• Tired of R's verbose startup message ? Then start R with the --quiet command-line option.

$ R --quiet You can alias R ="R --quiet" in one of your Startup_files

  • Unless explicitly defined somewhere in your configuration files, R will start in your $HOME directory. If you want to start in a specific directory. first time you create the directory do this:
$ R
> setwd(path/to/your/directory)
> q()
Save workspace image? [y/n/c]: y

R will create a .RData image file of your current environment. Then, when double-clicking this file, R will automatically change its working directory to the file's directory.


R can be confusing when it comes to Environment Variables, as they are large and duplicated following the site or user sides. There are two sorts of files used in startup: environment files, defined by $R_ENVIRON and profile files, defined by $R_PROFILE.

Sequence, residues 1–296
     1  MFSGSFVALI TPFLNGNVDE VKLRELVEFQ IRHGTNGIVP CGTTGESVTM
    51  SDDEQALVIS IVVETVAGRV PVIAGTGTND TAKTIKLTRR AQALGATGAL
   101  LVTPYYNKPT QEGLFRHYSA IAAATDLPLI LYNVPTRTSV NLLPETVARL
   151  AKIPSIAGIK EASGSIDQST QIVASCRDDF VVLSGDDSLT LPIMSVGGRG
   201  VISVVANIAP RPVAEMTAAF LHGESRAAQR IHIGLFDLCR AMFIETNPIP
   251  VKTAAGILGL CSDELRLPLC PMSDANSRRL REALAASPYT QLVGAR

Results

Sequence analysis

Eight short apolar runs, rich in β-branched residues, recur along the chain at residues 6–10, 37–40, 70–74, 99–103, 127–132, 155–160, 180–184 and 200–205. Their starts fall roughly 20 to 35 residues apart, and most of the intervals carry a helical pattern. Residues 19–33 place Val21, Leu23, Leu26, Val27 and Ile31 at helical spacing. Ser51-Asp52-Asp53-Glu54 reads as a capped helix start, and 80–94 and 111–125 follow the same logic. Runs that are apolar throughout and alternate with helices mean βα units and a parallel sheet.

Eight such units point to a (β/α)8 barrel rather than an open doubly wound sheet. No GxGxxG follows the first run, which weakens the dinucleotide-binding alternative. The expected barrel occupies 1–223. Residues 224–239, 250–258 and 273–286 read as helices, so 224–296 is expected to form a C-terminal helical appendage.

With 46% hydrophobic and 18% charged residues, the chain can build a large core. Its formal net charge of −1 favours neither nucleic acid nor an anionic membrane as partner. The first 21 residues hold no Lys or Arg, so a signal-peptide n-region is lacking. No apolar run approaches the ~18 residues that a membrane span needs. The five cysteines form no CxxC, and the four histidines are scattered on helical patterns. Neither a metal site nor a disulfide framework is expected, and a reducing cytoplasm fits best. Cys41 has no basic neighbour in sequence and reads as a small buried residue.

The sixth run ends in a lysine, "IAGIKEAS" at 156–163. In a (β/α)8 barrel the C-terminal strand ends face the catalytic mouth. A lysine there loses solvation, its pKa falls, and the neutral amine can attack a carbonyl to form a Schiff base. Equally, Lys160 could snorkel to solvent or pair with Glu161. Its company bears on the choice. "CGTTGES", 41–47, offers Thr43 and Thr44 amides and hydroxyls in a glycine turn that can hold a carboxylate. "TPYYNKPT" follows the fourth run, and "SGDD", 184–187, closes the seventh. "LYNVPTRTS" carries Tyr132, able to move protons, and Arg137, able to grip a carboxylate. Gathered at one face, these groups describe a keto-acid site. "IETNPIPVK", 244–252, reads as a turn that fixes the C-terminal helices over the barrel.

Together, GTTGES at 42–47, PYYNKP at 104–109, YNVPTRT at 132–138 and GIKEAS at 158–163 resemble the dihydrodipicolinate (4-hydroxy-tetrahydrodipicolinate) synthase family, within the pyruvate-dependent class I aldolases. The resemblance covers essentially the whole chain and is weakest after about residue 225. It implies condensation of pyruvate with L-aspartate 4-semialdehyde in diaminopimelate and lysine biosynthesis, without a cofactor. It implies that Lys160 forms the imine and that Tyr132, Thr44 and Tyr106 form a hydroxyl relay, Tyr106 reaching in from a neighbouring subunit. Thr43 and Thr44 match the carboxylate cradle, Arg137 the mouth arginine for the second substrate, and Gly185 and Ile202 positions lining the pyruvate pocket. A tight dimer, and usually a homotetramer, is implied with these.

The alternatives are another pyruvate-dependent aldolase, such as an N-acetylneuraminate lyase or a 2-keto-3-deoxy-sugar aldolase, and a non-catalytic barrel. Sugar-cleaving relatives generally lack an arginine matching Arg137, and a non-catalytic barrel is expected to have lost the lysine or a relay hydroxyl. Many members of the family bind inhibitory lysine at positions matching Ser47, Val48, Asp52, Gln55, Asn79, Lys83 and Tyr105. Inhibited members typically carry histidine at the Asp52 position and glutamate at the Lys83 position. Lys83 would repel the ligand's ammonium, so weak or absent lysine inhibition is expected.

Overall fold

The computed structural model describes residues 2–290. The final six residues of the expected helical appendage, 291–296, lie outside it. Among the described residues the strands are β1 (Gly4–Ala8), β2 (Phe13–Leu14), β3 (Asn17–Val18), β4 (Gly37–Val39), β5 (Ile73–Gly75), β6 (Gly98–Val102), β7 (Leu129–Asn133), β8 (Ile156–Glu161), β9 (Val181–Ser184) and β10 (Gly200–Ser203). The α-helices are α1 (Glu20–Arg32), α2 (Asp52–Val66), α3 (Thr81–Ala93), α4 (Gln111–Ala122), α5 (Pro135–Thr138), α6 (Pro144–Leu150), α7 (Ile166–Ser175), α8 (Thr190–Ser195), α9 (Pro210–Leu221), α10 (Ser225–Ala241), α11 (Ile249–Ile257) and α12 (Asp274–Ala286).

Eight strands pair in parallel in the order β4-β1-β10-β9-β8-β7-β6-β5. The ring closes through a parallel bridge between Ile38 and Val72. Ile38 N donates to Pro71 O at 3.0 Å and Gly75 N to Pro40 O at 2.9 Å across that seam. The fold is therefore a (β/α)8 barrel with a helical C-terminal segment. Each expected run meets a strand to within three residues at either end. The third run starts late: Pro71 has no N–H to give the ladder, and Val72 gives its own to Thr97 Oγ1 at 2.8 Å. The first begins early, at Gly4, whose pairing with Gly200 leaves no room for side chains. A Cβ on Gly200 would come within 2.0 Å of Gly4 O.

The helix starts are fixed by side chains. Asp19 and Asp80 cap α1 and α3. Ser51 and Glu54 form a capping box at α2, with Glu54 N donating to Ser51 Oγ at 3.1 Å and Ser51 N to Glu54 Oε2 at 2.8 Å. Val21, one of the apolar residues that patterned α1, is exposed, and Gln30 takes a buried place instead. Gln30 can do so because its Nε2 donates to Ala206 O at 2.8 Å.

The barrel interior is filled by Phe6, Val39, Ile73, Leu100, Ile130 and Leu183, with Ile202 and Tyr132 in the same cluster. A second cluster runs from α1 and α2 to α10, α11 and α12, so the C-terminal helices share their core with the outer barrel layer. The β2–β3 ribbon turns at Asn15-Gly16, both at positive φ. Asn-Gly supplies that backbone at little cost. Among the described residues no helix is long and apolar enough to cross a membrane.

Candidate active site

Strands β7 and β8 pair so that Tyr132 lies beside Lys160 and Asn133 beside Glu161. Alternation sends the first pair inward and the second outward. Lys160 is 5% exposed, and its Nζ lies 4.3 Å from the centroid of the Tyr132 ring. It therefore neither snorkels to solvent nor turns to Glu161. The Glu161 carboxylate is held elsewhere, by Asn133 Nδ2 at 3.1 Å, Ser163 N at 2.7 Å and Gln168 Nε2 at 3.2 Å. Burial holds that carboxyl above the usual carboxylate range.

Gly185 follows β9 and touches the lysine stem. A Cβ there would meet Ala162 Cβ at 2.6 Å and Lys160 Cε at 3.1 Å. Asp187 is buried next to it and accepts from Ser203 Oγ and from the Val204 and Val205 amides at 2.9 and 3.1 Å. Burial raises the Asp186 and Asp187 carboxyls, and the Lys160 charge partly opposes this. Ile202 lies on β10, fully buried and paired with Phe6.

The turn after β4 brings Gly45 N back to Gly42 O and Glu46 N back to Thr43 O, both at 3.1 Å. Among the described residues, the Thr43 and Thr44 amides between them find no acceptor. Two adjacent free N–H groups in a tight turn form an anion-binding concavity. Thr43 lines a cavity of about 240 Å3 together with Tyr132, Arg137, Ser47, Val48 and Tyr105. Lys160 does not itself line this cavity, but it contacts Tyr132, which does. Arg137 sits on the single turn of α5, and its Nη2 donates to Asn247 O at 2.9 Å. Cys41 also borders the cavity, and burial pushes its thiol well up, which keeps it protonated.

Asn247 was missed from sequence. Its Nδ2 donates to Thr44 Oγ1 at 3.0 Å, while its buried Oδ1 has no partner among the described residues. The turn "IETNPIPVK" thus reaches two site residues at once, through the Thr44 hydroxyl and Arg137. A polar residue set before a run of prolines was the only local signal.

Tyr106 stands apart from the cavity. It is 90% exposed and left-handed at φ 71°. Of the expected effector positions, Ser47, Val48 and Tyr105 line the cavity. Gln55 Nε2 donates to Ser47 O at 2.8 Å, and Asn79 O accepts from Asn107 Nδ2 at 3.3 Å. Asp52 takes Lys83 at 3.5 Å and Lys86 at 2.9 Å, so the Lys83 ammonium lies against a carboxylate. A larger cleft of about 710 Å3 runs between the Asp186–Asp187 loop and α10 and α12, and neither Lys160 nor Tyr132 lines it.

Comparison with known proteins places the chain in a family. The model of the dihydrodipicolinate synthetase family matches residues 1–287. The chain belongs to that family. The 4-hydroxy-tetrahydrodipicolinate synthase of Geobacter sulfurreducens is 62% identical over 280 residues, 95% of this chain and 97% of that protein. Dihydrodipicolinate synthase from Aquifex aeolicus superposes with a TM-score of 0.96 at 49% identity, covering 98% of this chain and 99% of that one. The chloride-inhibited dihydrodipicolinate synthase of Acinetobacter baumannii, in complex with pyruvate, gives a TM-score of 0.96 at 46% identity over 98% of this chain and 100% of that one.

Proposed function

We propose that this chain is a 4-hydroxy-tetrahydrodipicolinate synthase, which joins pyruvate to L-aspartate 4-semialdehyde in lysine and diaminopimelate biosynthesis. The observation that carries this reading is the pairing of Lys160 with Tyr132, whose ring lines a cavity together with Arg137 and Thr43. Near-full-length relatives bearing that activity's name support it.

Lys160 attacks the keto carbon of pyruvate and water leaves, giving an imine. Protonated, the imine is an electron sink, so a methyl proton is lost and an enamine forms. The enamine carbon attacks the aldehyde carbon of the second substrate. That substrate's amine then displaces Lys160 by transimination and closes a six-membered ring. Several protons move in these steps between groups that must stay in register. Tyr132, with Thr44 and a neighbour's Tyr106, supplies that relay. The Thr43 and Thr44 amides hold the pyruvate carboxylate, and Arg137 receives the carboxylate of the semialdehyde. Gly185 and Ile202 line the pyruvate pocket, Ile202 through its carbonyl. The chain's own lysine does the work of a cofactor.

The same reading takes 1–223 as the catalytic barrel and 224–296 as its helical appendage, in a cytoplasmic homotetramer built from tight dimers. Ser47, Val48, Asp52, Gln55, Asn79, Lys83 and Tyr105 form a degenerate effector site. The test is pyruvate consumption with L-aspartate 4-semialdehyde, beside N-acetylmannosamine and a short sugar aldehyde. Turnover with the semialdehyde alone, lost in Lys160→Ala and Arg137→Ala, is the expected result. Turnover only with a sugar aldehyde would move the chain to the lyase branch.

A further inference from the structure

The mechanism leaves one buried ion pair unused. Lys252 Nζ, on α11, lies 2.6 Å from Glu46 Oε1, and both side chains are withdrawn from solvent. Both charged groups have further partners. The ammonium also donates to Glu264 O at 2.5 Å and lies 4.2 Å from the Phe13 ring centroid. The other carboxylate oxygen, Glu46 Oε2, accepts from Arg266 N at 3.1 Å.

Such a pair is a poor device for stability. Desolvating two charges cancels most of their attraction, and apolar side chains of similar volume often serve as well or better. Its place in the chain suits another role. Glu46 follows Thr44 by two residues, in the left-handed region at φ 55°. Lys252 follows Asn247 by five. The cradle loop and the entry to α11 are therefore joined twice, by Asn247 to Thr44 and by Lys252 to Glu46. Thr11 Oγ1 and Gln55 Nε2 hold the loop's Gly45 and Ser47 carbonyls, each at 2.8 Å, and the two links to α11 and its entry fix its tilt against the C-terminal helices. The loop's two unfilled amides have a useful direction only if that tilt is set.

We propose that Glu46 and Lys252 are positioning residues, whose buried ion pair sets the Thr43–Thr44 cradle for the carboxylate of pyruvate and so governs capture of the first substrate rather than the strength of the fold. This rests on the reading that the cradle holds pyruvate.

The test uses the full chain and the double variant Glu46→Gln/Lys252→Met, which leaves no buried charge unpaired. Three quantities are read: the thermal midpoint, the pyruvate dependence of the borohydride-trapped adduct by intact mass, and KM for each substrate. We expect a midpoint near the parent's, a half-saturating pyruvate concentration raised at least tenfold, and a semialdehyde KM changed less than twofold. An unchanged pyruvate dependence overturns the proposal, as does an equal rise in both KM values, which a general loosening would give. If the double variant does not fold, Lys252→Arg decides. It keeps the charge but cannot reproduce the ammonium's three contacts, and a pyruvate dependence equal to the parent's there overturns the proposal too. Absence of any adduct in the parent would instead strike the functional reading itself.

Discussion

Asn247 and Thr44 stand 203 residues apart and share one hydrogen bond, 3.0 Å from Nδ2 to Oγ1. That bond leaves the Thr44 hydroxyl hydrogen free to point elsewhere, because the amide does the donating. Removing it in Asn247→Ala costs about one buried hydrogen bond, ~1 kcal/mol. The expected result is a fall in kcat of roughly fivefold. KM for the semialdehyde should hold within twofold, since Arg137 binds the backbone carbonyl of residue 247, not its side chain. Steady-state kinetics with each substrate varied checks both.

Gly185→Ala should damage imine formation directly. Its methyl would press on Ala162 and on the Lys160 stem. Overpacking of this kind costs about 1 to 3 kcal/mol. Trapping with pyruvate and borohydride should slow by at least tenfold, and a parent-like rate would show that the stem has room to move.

Most important variables can be found on Environment Variables R Documentation].


At startup, R search at early stage for site and user .Renviron files to process for setting Environment_Variables. The site file is located in /etc/R, and generated by configure.

The name of the user file can be specified by the R_ENVIRON_USER Environment_Variables. If you don't specify any file, R will automatically read .Renviron in your home directory if there is one. In case you want to use another emplacement for this file, append this line export R_ENVIRON_USER ="path/to/.Renviron" in one of your Startup_files. This is the place to set all kind of environment variables using the R syntax.


Then R searches for the site-wilde Rprofile.site defined by the R_PROFILE Environment_Variables. This file does not exist after a fresh installation. Finally, R seraches for user R_PROFILE_USER. if unset, a file called .Rprofile is searched for in the current directory, returned by the R command > getwd() or in the user's home directory. This is the place to put all your custom R code.